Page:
Beginning in September 1942, the area’s MAAF command received the Kittyhawk III, including 338 P-40K and 94 P-40Ms shipped from the U.S., plus a few P-40Ks transferred from local AAF units. The 456 Kittyhawk IVs shipped in 1943-44, less 15 sunk, were P-40Ns. While they won their last air battle in Italy on April 7, 1944, one squadron continued in the ground support role until the war’s end.
Australia formed eight Kittyhawk squadrons, receiving 811: 37 P-40E and 126 P-40E-l, 42 P-40K-10 and K-15, 90
P-40M-5 and M-10, and 516 P-40N-1 to N-40 models. New Zealand equipped its seven fighter squadrons with 62 P-40E-1, 23 P-40K, one P-40L, 35 P-40M and 172 P-40N Kittyhawks. Besides the 72 Kittyhawk Is obtained from the RAF, Canada got replenishments through lend-lease: 12 P-40E-1, 15 P-40M-5 to M-10, and 35 P-40N-1 to N-20 models, while nine P-40K-ls were borrowed, but returned in 1943.
The Soviet Union was lend-leased 2,430 P-40s from the U.S., (in addition to the 171 Tomahawks shipped from Britain) of which 304 were lost in transit. Models sent included 75 more Tomahawks, about 840 P-40E-1s, 313 P-40Ks, 220 P-40Ms, and 980 P-40Ns.
At first they were sent on the Northern route, but in 1942. that route was the most dangerous, with 248 Kittyhawks sunk and 959 reaching Archangel or Murmansk. Forty-eight P-40Ks came via Alaska, starting in October 1942, but 1,091 Warhawks arrived on ships reaching the Persian Gulf, beginning on November 15, 1942, with 54 lost at sea.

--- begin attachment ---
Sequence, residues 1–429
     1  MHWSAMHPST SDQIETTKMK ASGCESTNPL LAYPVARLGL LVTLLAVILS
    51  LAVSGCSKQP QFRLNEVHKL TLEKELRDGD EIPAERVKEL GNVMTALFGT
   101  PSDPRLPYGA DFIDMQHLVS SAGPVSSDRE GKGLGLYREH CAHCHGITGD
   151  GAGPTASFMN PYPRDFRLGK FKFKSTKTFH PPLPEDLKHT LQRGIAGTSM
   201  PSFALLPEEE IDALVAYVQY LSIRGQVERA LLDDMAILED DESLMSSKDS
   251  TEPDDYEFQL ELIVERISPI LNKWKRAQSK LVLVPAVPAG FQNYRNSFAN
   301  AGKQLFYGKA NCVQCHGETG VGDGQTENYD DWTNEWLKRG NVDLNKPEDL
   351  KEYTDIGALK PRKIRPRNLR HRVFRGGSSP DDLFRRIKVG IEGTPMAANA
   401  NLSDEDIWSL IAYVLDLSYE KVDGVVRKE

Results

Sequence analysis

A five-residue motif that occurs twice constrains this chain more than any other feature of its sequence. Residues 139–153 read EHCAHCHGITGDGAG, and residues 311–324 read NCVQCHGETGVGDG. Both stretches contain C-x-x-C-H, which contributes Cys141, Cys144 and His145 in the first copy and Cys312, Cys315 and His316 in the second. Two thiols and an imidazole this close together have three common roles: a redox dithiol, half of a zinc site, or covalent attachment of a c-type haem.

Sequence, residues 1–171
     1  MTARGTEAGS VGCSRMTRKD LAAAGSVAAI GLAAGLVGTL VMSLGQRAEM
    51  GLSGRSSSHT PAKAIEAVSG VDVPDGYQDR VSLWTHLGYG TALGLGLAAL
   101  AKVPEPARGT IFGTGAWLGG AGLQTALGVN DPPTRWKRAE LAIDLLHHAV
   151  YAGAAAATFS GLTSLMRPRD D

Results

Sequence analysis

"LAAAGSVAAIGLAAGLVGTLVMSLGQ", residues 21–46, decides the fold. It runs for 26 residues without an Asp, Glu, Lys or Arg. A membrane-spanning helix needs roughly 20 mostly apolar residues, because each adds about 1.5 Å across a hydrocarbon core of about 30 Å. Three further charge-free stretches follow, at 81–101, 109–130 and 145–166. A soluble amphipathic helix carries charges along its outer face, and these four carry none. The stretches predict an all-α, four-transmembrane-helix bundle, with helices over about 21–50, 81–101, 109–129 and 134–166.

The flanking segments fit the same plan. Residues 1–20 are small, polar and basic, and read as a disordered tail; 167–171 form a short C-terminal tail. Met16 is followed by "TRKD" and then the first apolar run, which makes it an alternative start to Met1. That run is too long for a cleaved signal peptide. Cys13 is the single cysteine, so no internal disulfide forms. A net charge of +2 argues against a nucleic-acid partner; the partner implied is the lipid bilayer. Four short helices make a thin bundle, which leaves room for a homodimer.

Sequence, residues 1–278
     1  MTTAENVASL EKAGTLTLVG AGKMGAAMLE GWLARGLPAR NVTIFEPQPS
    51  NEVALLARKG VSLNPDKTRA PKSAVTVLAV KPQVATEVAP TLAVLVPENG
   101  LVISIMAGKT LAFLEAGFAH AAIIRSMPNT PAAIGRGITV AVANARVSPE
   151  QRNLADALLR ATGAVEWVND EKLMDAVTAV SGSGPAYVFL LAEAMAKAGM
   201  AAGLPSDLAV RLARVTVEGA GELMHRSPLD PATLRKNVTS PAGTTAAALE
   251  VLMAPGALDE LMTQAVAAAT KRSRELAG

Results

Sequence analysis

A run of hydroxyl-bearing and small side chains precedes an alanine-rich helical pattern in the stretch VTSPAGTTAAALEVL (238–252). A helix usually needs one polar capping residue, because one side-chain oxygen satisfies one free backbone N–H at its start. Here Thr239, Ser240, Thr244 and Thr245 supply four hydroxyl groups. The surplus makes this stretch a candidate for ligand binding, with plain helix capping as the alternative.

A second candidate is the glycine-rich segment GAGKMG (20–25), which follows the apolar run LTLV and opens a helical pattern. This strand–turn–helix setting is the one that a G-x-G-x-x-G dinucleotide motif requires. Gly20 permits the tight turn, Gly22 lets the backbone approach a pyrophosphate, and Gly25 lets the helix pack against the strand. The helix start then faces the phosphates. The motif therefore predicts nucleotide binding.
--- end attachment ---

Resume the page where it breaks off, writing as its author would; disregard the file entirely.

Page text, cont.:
A total of 320 of these Warhawks (or Kittyhawks in RAF/VVS usage) went to the Soviet North and Black Sea Fleets. The first to get the P-40E in May 1942 was the 72nd Fighter Air Regiment near Murmansk, joined in 1943 by the 27th and 78th IAPs, who promoted the fighter-bomber role, while a 118th MRAP squadron did naval reconnaissance. Black Sea Fleet regiments like the 7th and 62nd IAP and the 30th RAP, received 109 of the Navy’s P-40s.
Red Army regiments with Kittyhawks included the 126th, 147th, 154th, 159th, 191st, 196th and 436th IAPs. To avoid a problem with the Allison engine’s bearings, Soviet M-105 power plants were used by some P-40Es of the 196th IAP.
Apart from AVG aircraft, 14 P-40K, 15 P-40M and 299 P-40N fighters were shipped to China, but diversions to the 10th and 14th Air Forces reduced actual deliveries to 65 for the operational training unit in India and 139 for the Chinese air force itself. Two Chinese squadrons training in India received their first P-40N-5s on October 15, 1943. Eight fighter squadrons in the Chinese-American Composite Wing used P-40Ns by 1945.
Brazil acquired six P-40E-1, 29 P-40K, 9 P-40M-5 and 41 P-40N Warhawks to train a fighter group. Apparently, the last P-40 in combat was among the 59 P-40N-20s received by the Dutch No. 120 Squadron in Australia from December 1943 to July 1945 and used after the war against Indonesian nationalists.